“Merit Pay” in Education
Recent blogs by Alyssa and Hang on teacher salaries made me think of the merit pay system, a term which appears frequently in the context of education reform. Originally, merit pay was defined as “an approach to compensation that rewards the higher performing employees with additional pay or incentive pay” in business.  Since the mid-1980s, merit pay has been used to connect teachers’ performance with salaries in the United States schools.  Currently, it has been in use in some other countries such as United Kingdom and China.
First, merit pay is performance-related pay which means a bonus for a good teachers’ performance. And teachers’ performance is measured by “students test scores”.  It is understandable that people may be motivated by higher salaries, and teachers are not an exception. In other words, merit pay system aims to motivate teachers to improve themselves and put more efforts into teaching. At the same time, merit pay system can create a competitive environment among teachers, whereby teachers compete with each other through students’ grades. With this system, the most ideal outcome would for students to have good grades and for teachers to teach efficiently.
However, while merit pay is increasingly used in schools in different countries, it also receives some criticism. Joe Bower, a teacher from Canada, explains why he thinks merit pay is a bad idea for education systems. One of his main arguments is that merit pay requires the education systems to pursue measurements such as standardized testing, and additionally encourages teachers who have chosen a career of public-service to focus on extra rewards such as pay.  Meanwhile, he thinks that merit pay will change teachers’ attitudes towards students, which means teachers will regard students as test scores increasers instead of real students. 
Merit pay transforms education into business and it is difficult to imagine how teachers work in a business environment.Schools are not like companies which can make much profit to support the merit pay plan; on the contrary, the financial budget is a problem for the education system. In some Texas school districts, the merit pay system disappeared because of the financial budget. It is not difficult for teachers to increase students’ test scores because of the motivation of rewards, meaning that plenty of money is necessary to continue. At the same time, Angeles Davis, president of NEA-Dallas, thinks “Some teachers wind up being punished for reasons beyond their control because not all students are good test takers.”  The Texas example illustrates that completely putting merit pay system into education is still questionable and needs more consideration.
I agree with these criticisms to some degree. I am from China, I have seen a lot about how students fight for their continuous examinations. Chinese students receive too much pressure from the standardized tests, although it is true that the tests are necessary in current Chinese education system to select excellent students from a large population.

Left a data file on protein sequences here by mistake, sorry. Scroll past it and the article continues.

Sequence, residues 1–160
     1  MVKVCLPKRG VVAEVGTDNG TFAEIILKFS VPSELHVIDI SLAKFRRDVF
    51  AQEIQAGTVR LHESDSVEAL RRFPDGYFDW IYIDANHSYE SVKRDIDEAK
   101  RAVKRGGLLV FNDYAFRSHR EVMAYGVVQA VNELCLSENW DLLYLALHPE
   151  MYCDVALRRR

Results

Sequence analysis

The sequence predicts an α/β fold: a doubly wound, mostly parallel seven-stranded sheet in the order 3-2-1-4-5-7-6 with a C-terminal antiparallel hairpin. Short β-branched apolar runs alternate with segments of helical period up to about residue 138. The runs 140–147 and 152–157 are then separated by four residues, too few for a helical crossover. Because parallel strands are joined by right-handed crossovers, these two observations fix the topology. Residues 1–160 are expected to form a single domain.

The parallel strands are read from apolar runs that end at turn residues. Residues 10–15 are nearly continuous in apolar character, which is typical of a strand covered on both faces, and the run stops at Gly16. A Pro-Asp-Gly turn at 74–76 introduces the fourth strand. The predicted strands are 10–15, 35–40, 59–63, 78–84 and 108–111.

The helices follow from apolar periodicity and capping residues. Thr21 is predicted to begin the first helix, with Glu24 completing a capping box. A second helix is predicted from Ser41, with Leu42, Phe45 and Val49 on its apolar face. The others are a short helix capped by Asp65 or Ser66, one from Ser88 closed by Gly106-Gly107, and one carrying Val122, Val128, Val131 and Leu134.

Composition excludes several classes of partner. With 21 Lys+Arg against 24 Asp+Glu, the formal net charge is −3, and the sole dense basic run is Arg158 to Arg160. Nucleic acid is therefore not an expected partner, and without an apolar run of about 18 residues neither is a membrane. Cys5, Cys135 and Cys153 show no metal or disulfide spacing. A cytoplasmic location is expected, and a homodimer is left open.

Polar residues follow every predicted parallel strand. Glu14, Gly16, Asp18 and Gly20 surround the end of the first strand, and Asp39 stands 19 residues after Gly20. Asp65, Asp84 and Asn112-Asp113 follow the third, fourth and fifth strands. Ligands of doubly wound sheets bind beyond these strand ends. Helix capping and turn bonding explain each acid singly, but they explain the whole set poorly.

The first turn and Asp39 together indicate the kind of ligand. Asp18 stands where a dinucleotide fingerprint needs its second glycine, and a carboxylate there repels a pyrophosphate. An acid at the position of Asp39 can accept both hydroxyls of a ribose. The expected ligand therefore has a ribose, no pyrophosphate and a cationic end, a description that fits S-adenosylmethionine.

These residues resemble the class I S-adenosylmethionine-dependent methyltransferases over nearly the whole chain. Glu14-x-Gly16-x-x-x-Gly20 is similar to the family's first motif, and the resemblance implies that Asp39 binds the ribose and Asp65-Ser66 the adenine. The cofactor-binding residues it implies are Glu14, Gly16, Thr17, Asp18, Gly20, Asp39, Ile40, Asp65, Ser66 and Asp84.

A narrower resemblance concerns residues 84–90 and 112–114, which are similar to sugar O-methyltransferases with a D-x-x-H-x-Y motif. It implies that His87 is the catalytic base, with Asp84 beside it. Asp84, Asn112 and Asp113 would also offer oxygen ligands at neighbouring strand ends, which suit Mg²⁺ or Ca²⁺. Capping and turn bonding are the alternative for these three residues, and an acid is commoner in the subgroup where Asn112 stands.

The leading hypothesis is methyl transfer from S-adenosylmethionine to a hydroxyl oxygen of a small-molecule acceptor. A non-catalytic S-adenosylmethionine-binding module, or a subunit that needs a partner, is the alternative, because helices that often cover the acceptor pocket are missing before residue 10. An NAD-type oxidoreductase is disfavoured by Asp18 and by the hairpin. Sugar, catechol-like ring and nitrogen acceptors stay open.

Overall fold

The research shows that merit pay was first introduced into Chinese educational system in 2009, which only has a five-year history.  For a Lehigh graduate level class Self and Groups，which I took in 2013 fall semester, I was required to do a research project related to education change. I chose a Chinese middle school where my mother teaches as my focus, and did some research on changes in the last decade. During that research, I found out that merit pay is closely related to teachers’ salaries, which interested and surprised me much. The situation of merit pay system in China is quite different from other countries. In the middle school which I researched, the merit pay system was not based on teachers’ performance or students’ grades too much. The main determinant of merit pay is the longer the teacher has taught, the more pay he or she will receive.
In the Chinese case, the merit pay is not a “real” merit pay. Rather, it has been modified to fit the particular Chinese education environment. According to the exam-oriented education system, Chinese students and teachers are always facing intense examinations.in this contest, students care much about their grades and rankings, and teachers care much about the class rankings. For both students and teachers, there is so much pressure that additional (financial) stimulation is perhaps not needed.
I also think that merit pay has become an excuse in order to attract public attention to education, motivating more people to become teachers. Gradually, teacher is becoming a desired job in China. Nevertheless, I also think it will cause some conflicts among old teachers and new teachers in the future if no changes happen to the merit pay system. Currently, teachers receive merit pay according to their teaching experience, which means older teachers would receive more money than new teachers, although new teachers may have good teaching performances. It seems unfair to those new teachers who perform well in their teaching, which is a potential threat for the merit pay plan in China.
While introducing merit pay into education system may have some benefits. We have to admit that it creates many problems, such as the increasing pressure on teachers and students and the financial burden on the educational system. Whether the merit pay in China will continue or disappear (like in Texas) in the future remains unknown.
 Healthfield, M. S. Merit pay rewards performance. Revived from http://humanresources.about.com/od/salaryandbenefits/g/merit-pay.htm
 Morrison, N. (2013). Merit pay for teachers is only fair. Revived from http://www.forbes.com/sites/nickmorrison/2013/11/26/merit-pay-for-teachers-is-only-fair/